What About Boys and Learning?

boys-of-summerI read an interesting article in the New York Times this past week called “Gender Gap in Education Cuts both Ways.” It noted the continued finding that top-educated boys do better in Math than top-educated girls. This has been in and out of the news for some time (35 years) according to the article and has met with a furious debate, and even some rolling of heads — i.e. Lawrence Summers was booted from his post as president of Harvard for a similar remark.

This is unfortunate because trying to overcome a small inequality is not needed when we are only talking about the very top students. Women who want to study math can do it through hard work, and achieve at a level required for most STEM careers. They don’t have to receive the highest test scores. There are bigger fish to fry, as they say.

And the article accurately pointed that out. While boys may outperform women in Math, women regularly outperform men in Reading. This statement, however, has never been as outwardly derogatory as the statement that men do better in Math. It is a real problem because K – 12 school and college success is highly dependent on reading ability. You have to be a highly competent reader to excel in all of your subjects, while you could quietly slip by with a C in math — I know I did.

In a lot of ways we are failing the boys. Girls are graduating from college at a much higher rate than boys, and it is only increasing. The article correctly states that the time may be over for trying to coerce all women to spend more time doing math, while trying to force all men to spend more time reading. Both sexes may just prefer to study what they want — women more reading and men more math.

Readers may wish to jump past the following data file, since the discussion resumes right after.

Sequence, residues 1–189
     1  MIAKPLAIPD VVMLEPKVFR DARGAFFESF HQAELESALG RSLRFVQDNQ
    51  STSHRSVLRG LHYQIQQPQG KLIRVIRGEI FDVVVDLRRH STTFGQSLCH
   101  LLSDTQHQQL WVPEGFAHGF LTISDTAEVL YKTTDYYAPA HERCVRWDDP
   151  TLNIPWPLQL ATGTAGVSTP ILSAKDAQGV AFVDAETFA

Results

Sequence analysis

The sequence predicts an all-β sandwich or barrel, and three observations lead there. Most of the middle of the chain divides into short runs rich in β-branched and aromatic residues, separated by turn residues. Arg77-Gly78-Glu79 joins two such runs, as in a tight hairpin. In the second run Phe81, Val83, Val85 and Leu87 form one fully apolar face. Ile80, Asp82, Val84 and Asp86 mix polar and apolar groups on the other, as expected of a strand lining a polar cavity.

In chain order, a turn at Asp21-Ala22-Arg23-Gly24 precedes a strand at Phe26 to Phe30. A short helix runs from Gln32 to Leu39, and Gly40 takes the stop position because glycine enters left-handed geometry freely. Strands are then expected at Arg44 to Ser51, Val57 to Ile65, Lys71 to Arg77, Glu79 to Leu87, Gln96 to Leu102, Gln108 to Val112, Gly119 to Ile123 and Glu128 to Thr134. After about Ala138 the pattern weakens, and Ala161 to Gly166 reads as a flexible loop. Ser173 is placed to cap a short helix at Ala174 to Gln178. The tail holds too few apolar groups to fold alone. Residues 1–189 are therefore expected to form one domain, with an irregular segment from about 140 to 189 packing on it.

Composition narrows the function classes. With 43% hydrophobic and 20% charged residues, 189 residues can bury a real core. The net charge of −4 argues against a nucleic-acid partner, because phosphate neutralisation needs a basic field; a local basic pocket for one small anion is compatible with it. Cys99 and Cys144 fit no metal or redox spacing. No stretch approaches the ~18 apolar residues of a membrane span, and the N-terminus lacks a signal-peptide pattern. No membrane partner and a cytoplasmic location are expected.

We seemed to accept this fact better in the past. Many men stopped the traditional academic route in high school, preferring to learn a trade, many of which rely on analytic skills. We need more opportunities for boys to bypass the academic route of massive reading, and allow them to use their math skills like we did in the past. Apprenticeships are a great way to do this, because they allow for learning in ways that are different than the verbal methods of schools — lectures and reading.

Let boys learn in ways that are more natural for them, and they will excel. An apprenticeship starting in the final two years in high school, and then continuing to a 2-year degree in a STEM field may be just what the doctor ordered.


About chbernat

I am a technical writer and instructional designer. I have an intense interest in adult learning and instructional design principles. I greatly feel that adults need to take control of their own learning in order to advance their knowledge and skills throughout life.
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